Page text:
By Lee Gale
One of the main problems with casual fashion is that the Iberian peninsula and, by association, South America, holds too much sway over the way the British currently dress. Where once our fashion pointers were derived from All Creatures Great And Small, golf or WWII armed forces, today’s High Street hotsteppas are more likely to resemble Mario Kempes on a post-Argentina ’78 beach holiday.
When it comes to buying casualwear, a handful of trusted style oases exist, but you have to carry out research to find them. Manchester’s Oi Polloi is one such watering hole. Established in 2002, Oi Polloi was one of the first outlets to bring Swedish outdoor brand Fjällräven (Swedish: “arctic fox”) to our attention. The label was quickly adopted by cooler elements in Northern football grounds before filtering down to a select fashion audience. Wearers of Fjällräven tend to be secretive about their supply source. Like DJs with white labels, they don’t want you to own what they have found.
Northern interest in a Swedish label is hardly surprising given that the Viking expansionism of the 9th century meant that Yorkshire and Lancashire came under the jurisdiction of the Danelaw. Don’t forget that Northerners are very proud of their Norse heritage – take a look at Doncaster Rovers’s badge, featuring a Viking warrior in profile. Fjällräven is also an exotic-looking name. It has two umlauts for a start. It’s about as anti-Mediterranean as you can hope for.
Although Fjällräven’s upland aesthetic was easily adopted by discerning Northern casuals, its Kånken backpack has a cult following nationwide – and not just with men. Kånkens have become a sort of fashion equivalent of the VW Type 2 camper van. On the road, Type 2 drivers will give a friendly nod to each other, but without the protection of a windscreen to offset social awkwardness, Kånken owners tend to stare at each other, a bit like dogs on leads. They have one thought: “What events in life have led you to your backpack?” Kånken owners consider themselves rucksack rebels, revelling in the fact that they stand apart from the more commonplace easy-to-purchase Eastpaks, Jansports and Karrimors.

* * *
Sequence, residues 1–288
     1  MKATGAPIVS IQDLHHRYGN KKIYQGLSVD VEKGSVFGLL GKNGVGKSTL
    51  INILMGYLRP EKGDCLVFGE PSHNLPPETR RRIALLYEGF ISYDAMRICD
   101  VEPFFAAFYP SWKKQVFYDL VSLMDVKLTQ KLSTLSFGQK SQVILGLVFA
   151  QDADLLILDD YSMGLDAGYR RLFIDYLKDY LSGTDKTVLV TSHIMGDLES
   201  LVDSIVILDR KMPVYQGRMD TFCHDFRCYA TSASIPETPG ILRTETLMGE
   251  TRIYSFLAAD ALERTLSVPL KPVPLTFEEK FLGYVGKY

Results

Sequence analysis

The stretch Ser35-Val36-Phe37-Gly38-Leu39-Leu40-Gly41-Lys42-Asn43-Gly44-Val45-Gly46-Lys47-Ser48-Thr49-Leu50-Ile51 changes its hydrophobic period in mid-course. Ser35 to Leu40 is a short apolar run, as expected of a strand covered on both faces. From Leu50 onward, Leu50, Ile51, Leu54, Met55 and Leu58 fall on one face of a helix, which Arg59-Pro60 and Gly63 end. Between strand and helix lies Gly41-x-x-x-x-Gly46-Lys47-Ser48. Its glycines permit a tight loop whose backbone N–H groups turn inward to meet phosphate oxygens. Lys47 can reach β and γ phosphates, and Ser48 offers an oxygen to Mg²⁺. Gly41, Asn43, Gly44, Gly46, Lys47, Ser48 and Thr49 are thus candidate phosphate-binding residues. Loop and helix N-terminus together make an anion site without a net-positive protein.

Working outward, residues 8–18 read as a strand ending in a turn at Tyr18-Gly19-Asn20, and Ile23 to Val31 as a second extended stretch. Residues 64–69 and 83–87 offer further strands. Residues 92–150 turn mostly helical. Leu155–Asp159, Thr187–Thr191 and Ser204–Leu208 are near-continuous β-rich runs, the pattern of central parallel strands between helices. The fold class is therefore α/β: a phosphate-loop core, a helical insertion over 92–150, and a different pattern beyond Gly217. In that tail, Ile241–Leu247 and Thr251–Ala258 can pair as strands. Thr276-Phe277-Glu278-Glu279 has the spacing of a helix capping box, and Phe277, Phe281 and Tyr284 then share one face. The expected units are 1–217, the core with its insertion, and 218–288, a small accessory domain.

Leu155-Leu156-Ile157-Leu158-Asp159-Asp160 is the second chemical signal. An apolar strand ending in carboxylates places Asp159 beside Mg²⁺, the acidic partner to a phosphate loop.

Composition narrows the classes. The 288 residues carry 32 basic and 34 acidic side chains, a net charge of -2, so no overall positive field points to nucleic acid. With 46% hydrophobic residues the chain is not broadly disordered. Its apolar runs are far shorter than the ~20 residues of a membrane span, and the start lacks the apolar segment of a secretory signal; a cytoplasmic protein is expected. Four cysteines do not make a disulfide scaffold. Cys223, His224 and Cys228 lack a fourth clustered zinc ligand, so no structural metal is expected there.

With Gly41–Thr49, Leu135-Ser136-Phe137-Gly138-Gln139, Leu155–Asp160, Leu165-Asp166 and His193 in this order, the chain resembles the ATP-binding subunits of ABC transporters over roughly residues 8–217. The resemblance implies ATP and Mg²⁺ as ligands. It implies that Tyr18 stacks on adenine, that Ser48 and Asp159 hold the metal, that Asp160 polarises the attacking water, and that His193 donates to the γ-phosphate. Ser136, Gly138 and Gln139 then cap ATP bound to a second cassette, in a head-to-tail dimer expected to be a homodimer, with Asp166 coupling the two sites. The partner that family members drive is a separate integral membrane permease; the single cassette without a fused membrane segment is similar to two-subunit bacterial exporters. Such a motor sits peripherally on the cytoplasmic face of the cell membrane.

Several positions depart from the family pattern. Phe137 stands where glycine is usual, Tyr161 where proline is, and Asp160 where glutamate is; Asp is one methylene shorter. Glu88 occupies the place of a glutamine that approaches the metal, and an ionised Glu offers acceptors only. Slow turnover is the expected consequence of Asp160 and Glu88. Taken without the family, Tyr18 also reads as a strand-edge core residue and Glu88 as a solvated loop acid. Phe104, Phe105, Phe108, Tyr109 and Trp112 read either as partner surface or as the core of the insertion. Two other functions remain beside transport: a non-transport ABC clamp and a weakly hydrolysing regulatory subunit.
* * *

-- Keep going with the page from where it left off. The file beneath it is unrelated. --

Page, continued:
Far from being essential kit for tackling a peak, the Kånken is actually a schoolbag, introduced in 1978 to alleviate an age-old Swedish problem of backache. By the mid-Seventies, 80 per cent of the Swedish population was affected by some form of back discomfort. Fjällräven founder Åke Nordin, who had been developing backpacks since the early Sixties, believed Sweden’s thoracic and lumbar troubles were a product of the school run, with children straining to carry heavy textbooks and folders between classroom and home, setting in motion a lifetime of strains. The Kånken distributed weight evenly across the shoulders, a fact not lost on Sweden’s pensioners who, by 1980, started buying the backpack en masse.
Sweden’s OAPs realised that with free arms, they could stroll unimpeded with a walking stick to collect their pension and roughage. By the time that Abba’s internal problems were becoming apparent, Swedes, regardless of age, had been captivated by the Kånken’s simple charm.
Kånken disciples are quick to discuss the bag’s waterproof properties. The secret is the material itself. Vinylon F is a synthetic fibre that, like a natural fibre, swells when damp and creates a waterproof shield around your homework. Incredibly, during heavy downpours, a puddle develops on the roof of its front zip-up pocket, where you keep your pens and keys, in the manner of a gutter.
“They’re brilliant,” says Oi Polloi co-founder Steve Sanderson. “The functional design, the colours and the fact they were designed as an antidote to kids getting back problems while carrying their books – it’s form following function, a similar design ethos to orthopaedic shoes like Birkenstock and Finn Comfort. Oi Polloi has a history of re-appropriating these kind of items. The Kånken truly is the people’s bag. You can have one of these from a really young age, all through school, college, everything in between and beyond. They’re good for your lunchbox, sports kit and laptop. We sell a fair amount. They have universal appeal and also represent great value for money.”
Today, Fjällräven makes 200,000 Kånkens a year, in a variety of sizes and shades. Just don’t be surprised when Swedish tourists suddenly approach and begin speaking to you in Nordic tongue, like you’re a long-lost friend from Malmö. They’ll naturally assume you are of Scandinavian origin – one of them. Which, of course, most Northerners are.
From £55. fjallraven.com